Excerpt from The High Divide by Lin Enger, plus links to reviews, author biography & more

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The High Divide

by Lin Enger

The High Divide by Lin Enger X
The High Divide by Lin Enger
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  • First Published:
    Sep 2014, 352 pages

    May 2015, 368 pages


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Book Reviewed by:
Rebecca Foster
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Print Excerpt

The High Divide
By Lin Enger

In the kitchen Eli peeled and grated three large potatoes into a bowl, added a palmful of mustard seeds, a heavy pinch of dried dandelion, a tablespoon of ground pepper, and just enough water and flour to make a sticky ball. His hands worked on their own, his mind given over to the letter in his pocket, the sweet smell it carried, and the new fears he had now because of it. He was lucky it arrived today, though—he knew that. The regular postman, Smith, was down with a fever, and a man from Moorhead had come out to handle the mail. Smith, of course, would have noted the feminine hand on the envelope and made sure to deliver it in person to their house.

By the time Eli started back to the store, Danny had been tucked into bed, their mother's, and all the shades had been drawn. The poultice covered his forehead and eyes. Eli took the long way back, stopping to climb the half-dead cottonwood that leaned out over the river, its wide trunk offering a saddlelike seat that Eli leaned back against, trying to calm himself. His heart was beating inside his ears and pulsing in his neck. His hands were weak. He forced himself to take long breaths, and when his heart slowed, he took out his jackknife and sliced open the envelope, careful not to damage the letter inside, which was written in the same hand, though the ink was a different color, not black but a shade of purple that made Eli think of the veins on the tender side of a woman's wrist. In the upper left-hand-corner was the return address—1020 5th Avenue North, Bismarck, Dakota—and in the upper right, the date: September 10th, 1886.

Dear Ulysses,

I trust this letter finds you healthy and rested from what must have been a difficult journey. It would have meant so very much to Jim that you came, and for me your visit, I hope you know, was a burst of sun in a long gray season.

I've been fine and busy since you left . . .

Eli scanned down the page, registering her mention of a garden—ripening pumpkins and late tomatoes—house painters, a new pastor at church, pleasant weather. Then, toward the bottom of the page, her words caught him up again:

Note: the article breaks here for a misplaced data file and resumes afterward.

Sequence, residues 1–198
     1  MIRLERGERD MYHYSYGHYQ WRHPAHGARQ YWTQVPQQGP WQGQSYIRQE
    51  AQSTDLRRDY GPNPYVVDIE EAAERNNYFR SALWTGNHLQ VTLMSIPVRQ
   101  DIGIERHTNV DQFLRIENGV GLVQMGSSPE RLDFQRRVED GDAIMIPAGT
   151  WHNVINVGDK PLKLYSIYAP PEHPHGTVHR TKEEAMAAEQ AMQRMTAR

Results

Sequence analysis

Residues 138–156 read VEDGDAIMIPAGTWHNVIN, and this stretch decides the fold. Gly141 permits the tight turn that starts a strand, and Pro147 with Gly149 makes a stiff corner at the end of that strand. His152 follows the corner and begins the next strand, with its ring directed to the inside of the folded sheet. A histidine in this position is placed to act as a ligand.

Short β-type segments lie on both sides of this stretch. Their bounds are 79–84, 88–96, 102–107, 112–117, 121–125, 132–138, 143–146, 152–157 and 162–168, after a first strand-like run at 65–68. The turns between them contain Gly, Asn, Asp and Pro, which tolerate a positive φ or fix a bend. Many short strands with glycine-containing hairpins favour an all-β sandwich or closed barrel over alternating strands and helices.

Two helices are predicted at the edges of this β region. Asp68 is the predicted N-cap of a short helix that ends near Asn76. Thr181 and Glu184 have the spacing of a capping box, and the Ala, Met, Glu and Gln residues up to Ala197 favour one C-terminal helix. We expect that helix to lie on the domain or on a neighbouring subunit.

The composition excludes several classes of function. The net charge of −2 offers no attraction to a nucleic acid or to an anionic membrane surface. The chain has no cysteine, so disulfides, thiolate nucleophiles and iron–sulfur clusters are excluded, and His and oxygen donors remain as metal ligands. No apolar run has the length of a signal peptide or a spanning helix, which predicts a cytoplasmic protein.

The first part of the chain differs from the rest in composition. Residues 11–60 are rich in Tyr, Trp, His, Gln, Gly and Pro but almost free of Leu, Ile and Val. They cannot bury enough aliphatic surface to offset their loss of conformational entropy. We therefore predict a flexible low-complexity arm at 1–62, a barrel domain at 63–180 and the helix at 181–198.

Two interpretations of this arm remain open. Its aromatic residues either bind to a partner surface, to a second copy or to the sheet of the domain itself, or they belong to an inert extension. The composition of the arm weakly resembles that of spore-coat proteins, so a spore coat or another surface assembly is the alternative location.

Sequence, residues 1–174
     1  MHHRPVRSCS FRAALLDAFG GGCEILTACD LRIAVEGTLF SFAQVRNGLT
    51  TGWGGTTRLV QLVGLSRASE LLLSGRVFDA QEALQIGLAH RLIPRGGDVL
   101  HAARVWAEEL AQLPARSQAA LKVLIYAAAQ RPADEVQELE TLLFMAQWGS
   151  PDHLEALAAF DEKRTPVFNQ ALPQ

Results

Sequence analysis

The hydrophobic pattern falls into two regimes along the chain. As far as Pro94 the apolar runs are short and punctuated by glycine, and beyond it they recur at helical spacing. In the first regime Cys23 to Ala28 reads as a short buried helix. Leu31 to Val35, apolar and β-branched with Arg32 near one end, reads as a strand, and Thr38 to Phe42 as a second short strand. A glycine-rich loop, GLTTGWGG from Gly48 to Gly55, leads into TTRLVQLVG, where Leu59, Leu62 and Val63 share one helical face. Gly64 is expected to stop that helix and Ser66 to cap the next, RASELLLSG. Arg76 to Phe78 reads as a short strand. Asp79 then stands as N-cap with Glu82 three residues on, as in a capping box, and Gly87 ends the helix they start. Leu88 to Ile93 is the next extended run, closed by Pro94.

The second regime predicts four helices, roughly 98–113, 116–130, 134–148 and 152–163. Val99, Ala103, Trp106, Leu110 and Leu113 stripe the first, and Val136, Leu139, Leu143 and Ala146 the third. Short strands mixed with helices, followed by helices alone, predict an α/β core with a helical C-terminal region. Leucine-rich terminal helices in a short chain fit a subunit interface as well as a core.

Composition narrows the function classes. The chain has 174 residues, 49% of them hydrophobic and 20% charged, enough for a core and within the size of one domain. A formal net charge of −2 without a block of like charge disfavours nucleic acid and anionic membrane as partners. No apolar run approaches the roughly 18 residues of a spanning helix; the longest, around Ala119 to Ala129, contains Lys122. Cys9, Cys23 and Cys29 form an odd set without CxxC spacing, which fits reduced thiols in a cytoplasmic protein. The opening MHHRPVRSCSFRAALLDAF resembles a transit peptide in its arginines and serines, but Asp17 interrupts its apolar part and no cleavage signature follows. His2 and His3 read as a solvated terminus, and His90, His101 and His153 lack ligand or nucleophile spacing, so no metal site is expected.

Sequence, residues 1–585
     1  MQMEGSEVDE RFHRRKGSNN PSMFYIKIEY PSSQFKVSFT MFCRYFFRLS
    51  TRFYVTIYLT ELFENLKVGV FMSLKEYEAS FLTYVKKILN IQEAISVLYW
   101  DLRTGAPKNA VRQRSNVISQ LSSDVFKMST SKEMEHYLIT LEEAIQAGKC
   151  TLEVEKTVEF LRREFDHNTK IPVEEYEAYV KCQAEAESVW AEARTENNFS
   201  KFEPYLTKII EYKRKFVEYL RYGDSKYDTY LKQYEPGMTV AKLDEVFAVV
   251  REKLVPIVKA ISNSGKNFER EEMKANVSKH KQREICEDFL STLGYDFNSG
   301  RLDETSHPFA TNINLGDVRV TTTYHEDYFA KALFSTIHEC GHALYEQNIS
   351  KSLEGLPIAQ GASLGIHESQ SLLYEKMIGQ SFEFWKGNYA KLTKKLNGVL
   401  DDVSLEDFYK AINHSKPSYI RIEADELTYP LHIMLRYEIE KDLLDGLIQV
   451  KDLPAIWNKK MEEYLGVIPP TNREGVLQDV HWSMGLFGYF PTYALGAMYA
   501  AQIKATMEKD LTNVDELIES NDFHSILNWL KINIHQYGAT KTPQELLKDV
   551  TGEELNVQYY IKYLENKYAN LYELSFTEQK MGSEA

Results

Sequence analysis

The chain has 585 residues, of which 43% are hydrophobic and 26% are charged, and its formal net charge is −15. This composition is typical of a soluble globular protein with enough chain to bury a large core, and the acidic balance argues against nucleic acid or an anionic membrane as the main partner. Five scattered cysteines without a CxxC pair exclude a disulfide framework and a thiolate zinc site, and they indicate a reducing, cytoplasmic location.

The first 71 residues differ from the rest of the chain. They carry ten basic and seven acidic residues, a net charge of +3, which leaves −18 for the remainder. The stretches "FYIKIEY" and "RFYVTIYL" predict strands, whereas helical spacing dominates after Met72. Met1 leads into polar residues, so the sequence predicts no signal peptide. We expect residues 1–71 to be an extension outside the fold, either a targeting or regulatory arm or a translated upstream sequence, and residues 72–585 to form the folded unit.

Although I wouldn't wish upon you or anyone else the loneliness I know, at least I can say now that my heart is capable of human feeling again. Thank you. And if future travels bring you this way, you would be more than welcome. But you know as much already.


Laura Powers

For half a minute the interior of Eli's skull was sparkly and white, like his mother's kitchen on baking days when the air was full of flour, the sun pouring in through the window. Then his head cleared. Above the river a mallard set its wings, tilted in a fast drop to the water, and skated into the calm pool inside the river's bend. Eli's stomach twisted inside him. His parents had always been happy together, hadn't they—except for that fight over the promissory note? Hadn't they made a habit of taking walks in the evening, holding hands? Hadn't he spied them kissing sometimes, early mornings down by the outhouse, or after dark beneath the drooping branches of the old birch? Or was that long ago now? He thought about last winter, not even a year past, when his father managed to offend the entire congregation of Our Savior's, and soon after, lose most of his carpentry jobs, notably the schoolhouse contract. He remembered, too, watching his father pummel a man at the train depot and lose that job also—justified though he had been. All of this leading to their money problems, and finally his leaving. Something had happened with his father, that was certain, something Eli didn't understand. Yet he was just as certain—or at least determined to be—that one day everything would be set straight.

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Excerpted from The High Divide by Lin Enger. Copyright © 2014 by Lin Enger. Excerpted by permission of Algonquin Books. All rights reserved. No part of this excerpt may be reproduced or reprinted without permission in writing from the publisher.

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